Boston University has a comprehensive PhysTEC grant that runs from 2011-2014.
The Department of Physics and the School of Education at Boston University collaborate on offering programs for physics teacher licensure in the State of Massachusetts. All programs lead to a degree from the School of Education; however, the programs are heavily weighted with physics courses.
1) The B.Sc. in Physics Teaching with Initial Licensure requires 32 credits of undergraduate physics or equivalent.
2) The Masters of Arts in Teaching (MAT) in Physics Teaching with Initial Licensure is a one year plus one summer program intended for applicants with a Bachelors degree in physics. As part of the MAT, the students are expected to take three additional graduate level courses in the Department of Physics. Admission to this program requires approval of both the Department of Physics and the School of Education.
3) The MAT in Physics Teaching with Initial Licensure for STEM Professionals is aimed at applicants with prior STEM employment who are interested in becoming physics teachers. This program relies on the Improving the Teaching of Physics courses, described below, which are offered through the Graduate School of the College of Arts and Science with instructors from the Department of Physics.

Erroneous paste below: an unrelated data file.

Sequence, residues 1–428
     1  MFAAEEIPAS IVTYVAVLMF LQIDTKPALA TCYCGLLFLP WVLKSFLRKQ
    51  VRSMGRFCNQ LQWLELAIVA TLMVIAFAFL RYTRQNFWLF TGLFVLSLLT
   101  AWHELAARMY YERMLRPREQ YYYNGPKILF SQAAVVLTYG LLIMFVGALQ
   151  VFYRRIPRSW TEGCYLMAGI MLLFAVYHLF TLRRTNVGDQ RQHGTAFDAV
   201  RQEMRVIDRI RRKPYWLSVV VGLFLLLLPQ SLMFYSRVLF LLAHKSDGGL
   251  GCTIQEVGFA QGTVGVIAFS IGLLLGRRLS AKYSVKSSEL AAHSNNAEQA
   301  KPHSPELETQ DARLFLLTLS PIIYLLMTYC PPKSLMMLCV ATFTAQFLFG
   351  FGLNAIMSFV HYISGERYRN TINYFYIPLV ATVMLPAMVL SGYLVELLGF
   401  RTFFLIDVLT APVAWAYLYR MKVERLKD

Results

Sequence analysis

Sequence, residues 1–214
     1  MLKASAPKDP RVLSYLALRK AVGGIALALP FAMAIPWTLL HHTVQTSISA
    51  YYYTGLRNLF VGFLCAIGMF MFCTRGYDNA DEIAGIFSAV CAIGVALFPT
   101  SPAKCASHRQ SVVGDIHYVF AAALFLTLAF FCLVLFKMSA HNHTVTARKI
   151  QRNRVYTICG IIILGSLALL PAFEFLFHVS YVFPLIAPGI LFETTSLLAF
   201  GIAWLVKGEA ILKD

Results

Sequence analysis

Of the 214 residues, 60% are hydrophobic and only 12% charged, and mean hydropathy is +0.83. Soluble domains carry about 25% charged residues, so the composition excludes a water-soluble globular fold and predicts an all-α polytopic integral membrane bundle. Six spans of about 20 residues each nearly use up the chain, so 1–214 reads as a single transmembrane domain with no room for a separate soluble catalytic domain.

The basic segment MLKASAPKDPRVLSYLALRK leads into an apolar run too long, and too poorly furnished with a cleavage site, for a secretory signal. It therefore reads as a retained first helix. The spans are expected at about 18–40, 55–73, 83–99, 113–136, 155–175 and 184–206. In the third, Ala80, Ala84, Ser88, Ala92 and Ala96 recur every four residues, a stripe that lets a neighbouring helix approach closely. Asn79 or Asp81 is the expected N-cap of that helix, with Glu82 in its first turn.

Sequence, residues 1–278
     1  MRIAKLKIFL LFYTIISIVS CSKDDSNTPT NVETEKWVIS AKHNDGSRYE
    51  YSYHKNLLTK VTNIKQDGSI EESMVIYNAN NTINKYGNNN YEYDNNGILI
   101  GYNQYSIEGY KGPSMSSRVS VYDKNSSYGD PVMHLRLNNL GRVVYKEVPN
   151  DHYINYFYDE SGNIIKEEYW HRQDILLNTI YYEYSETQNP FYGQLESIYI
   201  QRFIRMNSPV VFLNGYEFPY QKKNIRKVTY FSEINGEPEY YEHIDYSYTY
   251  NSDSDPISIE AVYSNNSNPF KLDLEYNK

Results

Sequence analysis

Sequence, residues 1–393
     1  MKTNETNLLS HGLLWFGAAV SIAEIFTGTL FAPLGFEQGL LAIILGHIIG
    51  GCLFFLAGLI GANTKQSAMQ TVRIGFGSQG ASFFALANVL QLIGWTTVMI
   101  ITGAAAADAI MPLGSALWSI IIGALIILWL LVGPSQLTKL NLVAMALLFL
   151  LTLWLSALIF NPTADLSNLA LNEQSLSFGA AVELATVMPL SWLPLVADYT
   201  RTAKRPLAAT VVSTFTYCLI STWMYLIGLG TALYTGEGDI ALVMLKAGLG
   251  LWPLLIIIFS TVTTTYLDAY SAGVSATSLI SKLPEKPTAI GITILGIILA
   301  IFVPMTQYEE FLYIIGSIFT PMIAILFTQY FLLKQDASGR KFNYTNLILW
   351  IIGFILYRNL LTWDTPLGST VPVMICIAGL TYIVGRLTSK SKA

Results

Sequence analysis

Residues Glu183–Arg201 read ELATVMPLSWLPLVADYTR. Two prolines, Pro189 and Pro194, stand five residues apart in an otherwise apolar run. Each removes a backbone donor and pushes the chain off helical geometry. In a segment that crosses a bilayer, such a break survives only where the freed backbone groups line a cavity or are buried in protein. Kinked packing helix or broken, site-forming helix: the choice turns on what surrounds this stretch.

4) The Masters Degree in Physics Teaching with Professional Licensure also relies on the Improving the Teaching of Physics courses, described below, which are offered through the Graduate School of the College of Arts and Science with instructors from the Department of Physics.
The Improving the Teaching of Physics sequence of ten two-credit courses are the consequence of a joint project of the Department of Physics and the School of Education to improve physics education in the State of Massachusetts. Courses offered by the Improving the Teaching of Physics project (Project ITOP) cover physics content, the conceptual history of physics, and the physics education research literature. ITOP courses are appropriate for all physics teachers, but have a special focus on teachers of physics who are teaching outside their field of licensure. The courses can be used for graduate study by nondegree students seeking professional advancement or satisfaction of recertification requirements; by students in the Initial License Program designed for STEM professionals who want to become teachers; or, by students in the Professional Licensure Program.
In addition, to the degree programs above, the Department of Physics encourages its students to investigate teaching careers and has a NSF funded GK-12 Program.
Year Number of Students Endorsed for
Initial Licensure in Physics
2006 – 07 0
2007 – 08 0
2008 – 09 1
2009 - 10 2
2010 - 11 4
2011 - 12 1